[postgis-users] PostGIS over distributed worksites

Lee Hachadoorian Lee.Hachadoorian+L at gmail.com
Mon Mar 7 12:44:27 PST 2016

At the moment it looks like our use case is data is updated from 
canonical sources (gov't agencies), and users are just using for 
analysis and visualization, not making changes to original data. So 
read-only/one-way sync will work for us.

Don't know about AWS. Data sets are single-digit GB. Mostly concerned 
about pricing of updates, and not sure how to estimate costs.

Rox, thanks for pointer to barman.

Larry, will look into cascading replication. Interesting idea, might be 
overkill for this project.


On 03/07/2016 01:59 AM, Larry Price https://industrialintellect.com wrote:
> Distributing periodic updates via dropbox or rsync is not a bad approach.
> Postgres will do cascading replication
> http://www.postgresql.org/docs/current/static/warm-standby.html#CASCADING-REPLICATION
> ( since 9.2 )
> So that is one possible way to distribute that data.
> Be aware that using replication to peoples local postgres databases
> means that the local databases are read only.
> If you start having datasets that are updated constantly, replication
> will keep the read only copies up to date with less effort.
> You will need to ensure that postgis and it's supporting libraries are
> installed for the replicas.
> On Sun, Mar 6, 2016 at 8:50 PM, rox <rox at tara-lu.com> wrote:
>> I'm not sure what portions / parts of your db are shared or vary on a per
>> seat basis, and this isn't my normal area of mucking... but I'll throw some
>> ideas out and let other people improve them :)
>> What if you set up a master database - perhaps AWS.  Set each distributed
>> seat to replicate down.  Updates are pushed to the master by someone, and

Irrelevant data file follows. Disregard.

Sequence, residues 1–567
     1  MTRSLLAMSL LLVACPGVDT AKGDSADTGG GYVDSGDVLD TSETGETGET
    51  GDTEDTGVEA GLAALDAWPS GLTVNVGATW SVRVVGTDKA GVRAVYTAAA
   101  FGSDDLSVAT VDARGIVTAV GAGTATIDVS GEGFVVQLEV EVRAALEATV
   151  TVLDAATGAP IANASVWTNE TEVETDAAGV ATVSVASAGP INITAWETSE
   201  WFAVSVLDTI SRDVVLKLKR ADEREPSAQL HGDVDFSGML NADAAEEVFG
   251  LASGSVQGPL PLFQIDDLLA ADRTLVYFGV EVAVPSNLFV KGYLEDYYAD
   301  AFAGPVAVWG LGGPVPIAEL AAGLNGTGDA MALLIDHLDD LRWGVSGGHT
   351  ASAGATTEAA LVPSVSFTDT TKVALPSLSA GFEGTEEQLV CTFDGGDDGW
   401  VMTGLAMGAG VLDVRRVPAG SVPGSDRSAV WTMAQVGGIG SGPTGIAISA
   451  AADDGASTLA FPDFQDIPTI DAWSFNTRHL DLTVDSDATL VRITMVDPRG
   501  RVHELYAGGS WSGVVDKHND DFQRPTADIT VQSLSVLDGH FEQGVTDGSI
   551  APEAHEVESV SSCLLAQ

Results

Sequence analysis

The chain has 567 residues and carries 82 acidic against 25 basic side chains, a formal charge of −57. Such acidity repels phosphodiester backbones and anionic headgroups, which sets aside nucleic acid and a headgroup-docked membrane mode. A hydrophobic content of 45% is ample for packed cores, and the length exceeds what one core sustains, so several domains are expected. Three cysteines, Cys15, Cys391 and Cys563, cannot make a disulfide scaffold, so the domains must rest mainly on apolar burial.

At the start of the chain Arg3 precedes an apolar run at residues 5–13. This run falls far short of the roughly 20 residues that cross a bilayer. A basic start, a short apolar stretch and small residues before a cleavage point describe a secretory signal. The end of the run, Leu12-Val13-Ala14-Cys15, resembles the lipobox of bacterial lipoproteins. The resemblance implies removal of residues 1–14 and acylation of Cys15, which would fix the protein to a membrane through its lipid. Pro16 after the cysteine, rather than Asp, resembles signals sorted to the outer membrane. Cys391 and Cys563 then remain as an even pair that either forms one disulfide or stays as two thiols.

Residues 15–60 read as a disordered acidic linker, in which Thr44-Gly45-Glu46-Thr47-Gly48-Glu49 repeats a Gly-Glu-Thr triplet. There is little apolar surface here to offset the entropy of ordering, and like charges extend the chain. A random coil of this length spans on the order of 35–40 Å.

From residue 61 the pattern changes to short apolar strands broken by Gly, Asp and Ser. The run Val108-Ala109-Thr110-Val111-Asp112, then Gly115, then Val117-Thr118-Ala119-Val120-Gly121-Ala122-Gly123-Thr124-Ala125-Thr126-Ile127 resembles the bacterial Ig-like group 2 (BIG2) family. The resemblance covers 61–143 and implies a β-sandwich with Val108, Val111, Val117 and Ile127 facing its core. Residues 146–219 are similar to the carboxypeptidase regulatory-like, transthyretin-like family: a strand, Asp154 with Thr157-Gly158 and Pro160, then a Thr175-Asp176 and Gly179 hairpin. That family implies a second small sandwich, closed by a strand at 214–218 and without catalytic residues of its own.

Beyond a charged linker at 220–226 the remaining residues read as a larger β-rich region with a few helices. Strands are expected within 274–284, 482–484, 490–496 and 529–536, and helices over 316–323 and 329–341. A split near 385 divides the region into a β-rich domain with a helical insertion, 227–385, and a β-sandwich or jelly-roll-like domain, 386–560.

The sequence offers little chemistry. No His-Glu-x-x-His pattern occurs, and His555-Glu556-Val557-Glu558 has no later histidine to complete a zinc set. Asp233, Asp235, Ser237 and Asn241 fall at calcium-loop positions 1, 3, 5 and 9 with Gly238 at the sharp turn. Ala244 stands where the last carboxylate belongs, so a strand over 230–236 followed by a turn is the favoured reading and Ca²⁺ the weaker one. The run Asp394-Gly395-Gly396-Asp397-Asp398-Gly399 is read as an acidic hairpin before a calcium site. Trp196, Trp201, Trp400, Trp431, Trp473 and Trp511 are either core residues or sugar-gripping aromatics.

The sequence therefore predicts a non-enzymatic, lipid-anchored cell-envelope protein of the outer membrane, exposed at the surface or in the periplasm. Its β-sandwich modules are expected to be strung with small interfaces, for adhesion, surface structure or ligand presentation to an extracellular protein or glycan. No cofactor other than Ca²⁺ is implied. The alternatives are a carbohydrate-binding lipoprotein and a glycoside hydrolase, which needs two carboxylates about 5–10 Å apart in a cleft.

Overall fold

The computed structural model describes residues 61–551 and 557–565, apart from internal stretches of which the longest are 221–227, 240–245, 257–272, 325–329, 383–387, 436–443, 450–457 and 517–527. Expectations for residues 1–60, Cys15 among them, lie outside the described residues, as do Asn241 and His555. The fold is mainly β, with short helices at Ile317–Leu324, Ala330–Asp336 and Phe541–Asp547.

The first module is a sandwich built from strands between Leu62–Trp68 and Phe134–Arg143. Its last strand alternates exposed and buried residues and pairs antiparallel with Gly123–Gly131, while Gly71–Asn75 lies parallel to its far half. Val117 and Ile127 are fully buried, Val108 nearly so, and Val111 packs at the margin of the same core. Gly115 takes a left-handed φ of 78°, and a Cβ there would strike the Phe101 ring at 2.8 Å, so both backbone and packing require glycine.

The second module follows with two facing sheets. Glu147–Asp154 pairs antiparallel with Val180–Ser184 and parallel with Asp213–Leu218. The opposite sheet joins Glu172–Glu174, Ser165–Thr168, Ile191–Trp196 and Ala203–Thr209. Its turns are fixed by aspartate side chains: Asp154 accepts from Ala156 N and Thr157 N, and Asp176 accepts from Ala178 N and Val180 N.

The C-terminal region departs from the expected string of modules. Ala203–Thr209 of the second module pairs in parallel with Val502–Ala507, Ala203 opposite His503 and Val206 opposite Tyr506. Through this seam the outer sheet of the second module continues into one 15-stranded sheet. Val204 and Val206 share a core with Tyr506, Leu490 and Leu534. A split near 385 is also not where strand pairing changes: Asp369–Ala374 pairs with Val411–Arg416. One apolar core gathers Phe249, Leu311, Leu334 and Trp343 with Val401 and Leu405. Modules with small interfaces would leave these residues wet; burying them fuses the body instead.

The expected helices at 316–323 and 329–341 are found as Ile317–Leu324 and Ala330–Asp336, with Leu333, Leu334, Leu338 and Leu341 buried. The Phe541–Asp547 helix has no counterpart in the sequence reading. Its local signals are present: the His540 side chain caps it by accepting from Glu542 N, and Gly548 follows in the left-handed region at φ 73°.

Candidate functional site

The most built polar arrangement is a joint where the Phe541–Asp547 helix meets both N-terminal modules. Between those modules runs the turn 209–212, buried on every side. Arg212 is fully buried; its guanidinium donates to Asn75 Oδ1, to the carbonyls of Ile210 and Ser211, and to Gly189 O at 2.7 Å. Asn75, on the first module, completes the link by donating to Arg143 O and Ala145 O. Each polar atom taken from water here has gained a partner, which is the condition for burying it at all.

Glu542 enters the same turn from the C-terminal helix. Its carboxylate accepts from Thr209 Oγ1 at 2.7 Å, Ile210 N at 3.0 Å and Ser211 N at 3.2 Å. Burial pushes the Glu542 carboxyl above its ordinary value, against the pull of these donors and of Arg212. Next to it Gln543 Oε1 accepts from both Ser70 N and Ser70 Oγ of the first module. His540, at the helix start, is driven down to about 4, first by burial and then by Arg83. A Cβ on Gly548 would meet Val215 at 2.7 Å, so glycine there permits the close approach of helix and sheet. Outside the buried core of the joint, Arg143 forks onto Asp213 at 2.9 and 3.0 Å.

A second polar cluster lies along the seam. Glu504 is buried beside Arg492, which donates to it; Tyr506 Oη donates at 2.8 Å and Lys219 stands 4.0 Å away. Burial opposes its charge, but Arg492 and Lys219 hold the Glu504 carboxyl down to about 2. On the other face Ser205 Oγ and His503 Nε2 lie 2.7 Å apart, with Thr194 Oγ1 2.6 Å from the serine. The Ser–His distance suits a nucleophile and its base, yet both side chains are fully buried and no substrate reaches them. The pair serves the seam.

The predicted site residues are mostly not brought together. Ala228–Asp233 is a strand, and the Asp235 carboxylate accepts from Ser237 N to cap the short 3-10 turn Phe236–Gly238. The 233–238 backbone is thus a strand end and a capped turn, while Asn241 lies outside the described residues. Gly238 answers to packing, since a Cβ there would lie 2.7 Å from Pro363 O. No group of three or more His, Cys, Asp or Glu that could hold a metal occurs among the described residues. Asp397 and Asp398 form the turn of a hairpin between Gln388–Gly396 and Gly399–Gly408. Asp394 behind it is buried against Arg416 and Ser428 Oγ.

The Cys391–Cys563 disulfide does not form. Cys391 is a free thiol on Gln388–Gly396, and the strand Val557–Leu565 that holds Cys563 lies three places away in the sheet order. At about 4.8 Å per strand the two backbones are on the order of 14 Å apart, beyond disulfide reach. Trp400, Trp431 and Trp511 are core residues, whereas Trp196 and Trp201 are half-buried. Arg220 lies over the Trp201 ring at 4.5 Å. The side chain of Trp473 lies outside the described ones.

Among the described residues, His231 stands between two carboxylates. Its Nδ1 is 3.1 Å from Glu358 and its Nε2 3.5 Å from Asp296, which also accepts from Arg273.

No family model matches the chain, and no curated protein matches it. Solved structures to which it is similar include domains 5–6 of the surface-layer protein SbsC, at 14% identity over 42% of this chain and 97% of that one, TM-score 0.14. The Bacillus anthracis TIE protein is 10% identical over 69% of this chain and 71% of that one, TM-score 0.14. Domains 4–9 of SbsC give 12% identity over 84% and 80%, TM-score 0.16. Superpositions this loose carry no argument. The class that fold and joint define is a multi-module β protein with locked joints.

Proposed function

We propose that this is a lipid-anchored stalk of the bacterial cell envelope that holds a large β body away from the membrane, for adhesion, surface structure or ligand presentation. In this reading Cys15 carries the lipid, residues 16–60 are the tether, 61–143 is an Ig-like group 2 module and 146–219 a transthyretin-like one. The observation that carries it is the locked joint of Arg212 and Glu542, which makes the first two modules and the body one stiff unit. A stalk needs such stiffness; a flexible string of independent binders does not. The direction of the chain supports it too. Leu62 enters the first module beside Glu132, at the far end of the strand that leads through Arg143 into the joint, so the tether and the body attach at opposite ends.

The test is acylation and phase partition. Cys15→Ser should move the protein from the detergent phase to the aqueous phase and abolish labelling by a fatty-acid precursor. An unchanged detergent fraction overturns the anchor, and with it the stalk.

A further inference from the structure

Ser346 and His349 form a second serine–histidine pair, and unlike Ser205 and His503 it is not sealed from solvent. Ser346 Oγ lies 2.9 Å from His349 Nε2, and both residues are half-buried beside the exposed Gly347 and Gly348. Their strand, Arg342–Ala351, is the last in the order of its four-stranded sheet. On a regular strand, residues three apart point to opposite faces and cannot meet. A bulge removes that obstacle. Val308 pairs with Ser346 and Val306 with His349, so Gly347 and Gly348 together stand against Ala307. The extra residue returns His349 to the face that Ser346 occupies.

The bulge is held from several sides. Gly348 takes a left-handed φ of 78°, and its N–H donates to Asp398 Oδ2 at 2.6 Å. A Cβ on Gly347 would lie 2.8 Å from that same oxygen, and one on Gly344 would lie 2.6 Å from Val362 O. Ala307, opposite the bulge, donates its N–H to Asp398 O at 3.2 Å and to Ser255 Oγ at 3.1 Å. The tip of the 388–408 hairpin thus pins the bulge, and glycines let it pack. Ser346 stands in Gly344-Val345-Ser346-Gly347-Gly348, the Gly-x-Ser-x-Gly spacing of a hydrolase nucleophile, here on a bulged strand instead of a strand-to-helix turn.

>> each distributed seat is auto-updated.
>> What won't work with a pure replicated server instance.. is local changes,
>> if you have them.... and so again - not my area of playing, but what about
>> two local databases?  One local for changes, and a second that is pure
>> replication.
>> That complicates your connection configuration and potentially your tool
>> interactions....
>> Otherwise, as I understand it, barman can create a backup of one instance
>> and restore the full working database to another site - so you could create
>> a shared barman replication service where individual seats could recover a
>> master DB when updates are required.
>> just some thoughts to stir the discussion.
>> Roxanne
>> On 3/6/2016 7:21 PM, Lee Hachadoorian wrote:
>>> I usually use PostGIS in a localhost or a LAN setting, where I or my
>>> workgroup can all be connected to the database all the time.
>>> I recently set up a QGIS project using SpatiaLite with Dropbox syncing,
>>> because project participants were at multiple worksites. However,
>>> rendering--particularly rendering of QueryLayers--is quite slow, and QGIS
>>> often crashes. Testing shows that QGIS is much more responsive with PostGIS
>>> as the back end, and although it's difficult to prove a negative, it seems
>>> that QGIS crashes don't happen (or at least clearly happen less often). So I
>>> would like to transition the project to PostGIS.
>>> I am asking for your recommendations or experiences with setting this up
>>> in a way that will be fairly easy to show users who are technically savvy
>>> but new to database management. Some details:
>>> 1. Small workgroup (5 or so).
>>> 2. Spatial layers are big releases from city government (parcels, streets,
>>> infrastructure) which are updated at most a couple of times a year, often
>>> less frequently. Each spatial layer is updated on a different schedule by
>>> different agencies.
>>> 3. Data releases are in shapefile (blecch!).
>>> 4. Users do meet in person with some regularity.
>>> As a suggestion, I am considering just having everyone set up localhost
>>> installs of PostGIS. When there is a new data release, one person could load
>>> and clean the data, then dump the table, copy the dump to Dropbox, and other
>>> users could load the new table in their localhost database.
>>> Obviously this solution is not scalable--more users or more frequent
>>> updates would make it quite tedious--but it may work for this use case. I am
>>> open to criticisms and suggestions.
>>> Thanks,
>>> --Lee
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Lee Hachadoorian
Assistant Professor of Instruction, Geography & Urban Studies
Assistant Director, Professional Science Master's in GIS
Temple University

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